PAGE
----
‘St. Cupid’s: The Rise and Fall of an Inner-City School’ by Kevin Oldham


You can buy St. Cupid’s on Amazon here.

When young teacher Paul Flynn arrives at St. Cupid’s, a secondary school situated in the heart of London’s east end, he encounters a daunting and alien world: poverty-stricken children, incompetent managers and teachers who are wilder than their students. After some hilarious mishaps, he soon settles in, finding that he has mastered the art of getting the kids to behave, an achievement most of his colleagues find impossible. He’s become a successful survivor in a world of surreal lunacy, with teaching a secondary consideration to enjoying life. However, in the 1990s, disaster strikes: Miss MacDougall is retired and is replaced by a maniac from the north, Mr Crutwell. This man sucks all the life out of the school with his insane desire to boost the results in any way possible. Will Paul survive? Will Crutwell ever get the come-uppance he richly deserves? Read this fantastic novel and find out!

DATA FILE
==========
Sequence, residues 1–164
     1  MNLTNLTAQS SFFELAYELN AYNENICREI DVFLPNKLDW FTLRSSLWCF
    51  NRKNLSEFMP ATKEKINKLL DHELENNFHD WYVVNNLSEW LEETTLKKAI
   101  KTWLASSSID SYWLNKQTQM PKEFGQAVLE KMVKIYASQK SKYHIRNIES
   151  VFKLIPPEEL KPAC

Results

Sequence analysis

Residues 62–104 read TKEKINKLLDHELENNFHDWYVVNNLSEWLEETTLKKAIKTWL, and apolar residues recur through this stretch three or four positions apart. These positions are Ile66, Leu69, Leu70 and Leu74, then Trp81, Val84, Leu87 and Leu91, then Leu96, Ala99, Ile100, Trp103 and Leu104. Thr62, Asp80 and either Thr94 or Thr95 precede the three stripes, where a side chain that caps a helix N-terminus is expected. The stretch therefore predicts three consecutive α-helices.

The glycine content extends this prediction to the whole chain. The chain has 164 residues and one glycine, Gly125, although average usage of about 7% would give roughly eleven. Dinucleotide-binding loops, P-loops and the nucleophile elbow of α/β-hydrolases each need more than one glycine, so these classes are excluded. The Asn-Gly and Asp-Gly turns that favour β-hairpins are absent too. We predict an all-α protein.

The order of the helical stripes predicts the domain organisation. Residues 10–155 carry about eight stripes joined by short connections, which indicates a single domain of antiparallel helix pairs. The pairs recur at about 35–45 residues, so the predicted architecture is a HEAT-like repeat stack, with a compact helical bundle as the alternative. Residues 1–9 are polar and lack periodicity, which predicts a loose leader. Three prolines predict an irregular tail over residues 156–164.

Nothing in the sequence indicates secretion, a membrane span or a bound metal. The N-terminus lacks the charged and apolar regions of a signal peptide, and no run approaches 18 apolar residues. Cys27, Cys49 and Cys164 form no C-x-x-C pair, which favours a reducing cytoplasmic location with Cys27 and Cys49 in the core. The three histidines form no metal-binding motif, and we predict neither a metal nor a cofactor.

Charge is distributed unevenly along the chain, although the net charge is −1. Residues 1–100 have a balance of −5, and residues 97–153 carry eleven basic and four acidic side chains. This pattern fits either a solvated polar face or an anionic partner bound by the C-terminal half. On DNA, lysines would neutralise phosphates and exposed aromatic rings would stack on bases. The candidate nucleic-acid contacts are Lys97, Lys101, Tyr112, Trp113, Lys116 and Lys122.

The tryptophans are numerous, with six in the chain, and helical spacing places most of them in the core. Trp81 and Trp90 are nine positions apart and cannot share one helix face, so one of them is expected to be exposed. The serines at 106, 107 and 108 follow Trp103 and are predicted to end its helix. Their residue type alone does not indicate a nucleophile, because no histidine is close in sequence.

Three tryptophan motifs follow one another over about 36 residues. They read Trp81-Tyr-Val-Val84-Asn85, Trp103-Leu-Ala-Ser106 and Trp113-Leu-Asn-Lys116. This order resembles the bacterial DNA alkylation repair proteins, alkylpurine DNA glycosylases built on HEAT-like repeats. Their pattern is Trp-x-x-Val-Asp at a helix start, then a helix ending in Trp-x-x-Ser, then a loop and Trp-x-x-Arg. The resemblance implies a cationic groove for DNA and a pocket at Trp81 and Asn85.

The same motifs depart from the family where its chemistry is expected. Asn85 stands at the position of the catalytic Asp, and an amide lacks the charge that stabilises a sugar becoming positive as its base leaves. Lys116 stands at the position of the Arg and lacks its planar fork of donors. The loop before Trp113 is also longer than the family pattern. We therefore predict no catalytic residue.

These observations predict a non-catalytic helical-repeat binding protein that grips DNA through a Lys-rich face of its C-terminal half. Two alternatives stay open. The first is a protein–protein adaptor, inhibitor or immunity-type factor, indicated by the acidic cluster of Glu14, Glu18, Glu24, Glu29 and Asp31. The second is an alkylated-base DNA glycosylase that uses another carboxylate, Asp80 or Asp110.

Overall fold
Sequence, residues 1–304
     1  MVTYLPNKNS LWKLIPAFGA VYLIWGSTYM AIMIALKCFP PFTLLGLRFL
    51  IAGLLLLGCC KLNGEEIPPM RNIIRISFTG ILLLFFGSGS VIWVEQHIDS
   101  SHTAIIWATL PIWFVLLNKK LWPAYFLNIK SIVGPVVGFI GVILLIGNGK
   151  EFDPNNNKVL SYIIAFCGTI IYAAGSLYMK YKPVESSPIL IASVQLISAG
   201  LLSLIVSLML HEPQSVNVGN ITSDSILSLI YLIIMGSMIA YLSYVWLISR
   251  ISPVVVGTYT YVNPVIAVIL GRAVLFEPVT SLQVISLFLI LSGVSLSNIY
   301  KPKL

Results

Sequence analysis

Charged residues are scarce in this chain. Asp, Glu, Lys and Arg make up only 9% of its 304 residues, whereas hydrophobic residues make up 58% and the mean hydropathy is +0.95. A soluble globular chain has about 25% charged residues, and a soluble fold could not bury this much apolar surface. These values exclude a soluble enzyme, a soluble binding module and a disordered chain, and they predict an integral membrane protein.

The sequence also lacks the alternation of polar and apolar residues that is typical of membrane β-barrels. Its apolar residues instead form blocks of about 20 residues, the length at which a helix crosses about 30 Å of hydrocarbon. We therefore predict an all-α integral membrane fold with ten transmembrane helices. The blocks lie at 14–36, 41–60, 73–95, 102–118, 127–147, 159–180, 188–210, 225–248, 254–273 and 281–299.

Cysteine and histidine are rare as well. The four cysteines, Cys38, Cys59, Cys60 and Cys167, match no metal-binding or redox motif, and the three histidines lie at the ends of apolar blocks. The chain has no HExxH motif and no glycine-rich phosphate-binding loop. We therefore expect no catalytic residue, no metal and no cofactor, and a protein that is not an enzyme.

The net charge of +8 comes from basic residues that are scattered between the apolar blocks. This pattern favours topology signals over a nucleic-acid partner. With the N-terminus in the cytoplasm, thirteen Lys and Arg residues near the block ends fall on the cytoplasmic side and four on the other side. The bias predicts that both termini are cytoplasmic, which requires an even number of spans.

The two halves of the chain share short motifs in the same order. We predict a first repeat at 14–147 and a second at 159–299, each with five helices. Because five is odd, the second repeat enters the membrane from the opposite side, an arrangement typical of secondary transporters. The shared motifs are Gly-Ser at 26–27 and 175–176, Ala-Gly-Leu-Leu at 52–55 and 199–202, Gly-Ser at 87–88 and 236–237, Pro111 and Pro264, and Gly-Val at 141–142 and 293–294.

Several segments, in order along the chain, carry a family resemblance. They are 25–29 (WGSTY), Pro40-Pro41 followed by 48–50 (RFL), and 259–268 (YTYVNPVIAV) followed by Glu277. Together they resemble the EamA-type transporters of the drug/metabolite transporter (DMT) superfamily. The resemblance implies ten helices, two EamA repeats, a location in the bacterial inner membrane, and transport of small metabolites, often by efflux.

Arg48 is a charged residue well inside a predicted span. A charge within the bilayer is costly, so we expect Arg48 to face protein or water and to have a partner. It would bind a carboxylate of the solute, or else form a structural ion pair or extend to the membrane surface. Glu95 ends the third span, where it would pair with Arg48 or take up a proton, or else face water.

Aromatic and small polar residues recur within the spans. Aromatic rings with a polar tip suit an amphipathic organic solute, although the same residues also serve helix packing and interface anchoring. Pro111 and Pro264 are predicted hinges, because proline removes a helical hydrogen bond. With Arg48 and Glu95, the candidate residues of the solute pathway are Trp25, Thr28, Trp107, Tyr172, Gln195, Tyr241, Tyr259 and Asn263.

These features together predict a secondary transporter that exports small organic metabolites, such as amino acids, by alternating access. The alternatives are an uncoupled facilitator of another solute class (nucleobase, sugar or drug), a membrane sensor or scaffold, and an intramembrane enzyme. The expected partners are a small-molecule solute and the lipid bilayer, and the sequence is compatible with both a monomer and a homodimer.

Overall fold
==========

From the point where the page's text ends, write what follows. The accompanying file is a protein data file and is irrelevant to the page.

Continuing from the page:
‘Learning Matters’ by Roger Titcombe

New cover jan 2015

You can buy Learning Matters on Amazon here.

What leading academics are saying about the book:

“This is a crucial time for English education. Teachers are burdened with an unsettling and ultimately destructive culture of command and control that has persisted for more than two decades. Roger Titcombe provides a critical and penetrating overview of these matters, while offering robust and well researched proposals on how the fundamental issues can be addressed. This book gets to the heart of the problem and deserves to be widely read, not just by educationalists, but also by parents and all those who are concerned by the current state and direction of the English education system.” Maurice Holt, Emeritus Professor of Education, University of Colorado, Denver.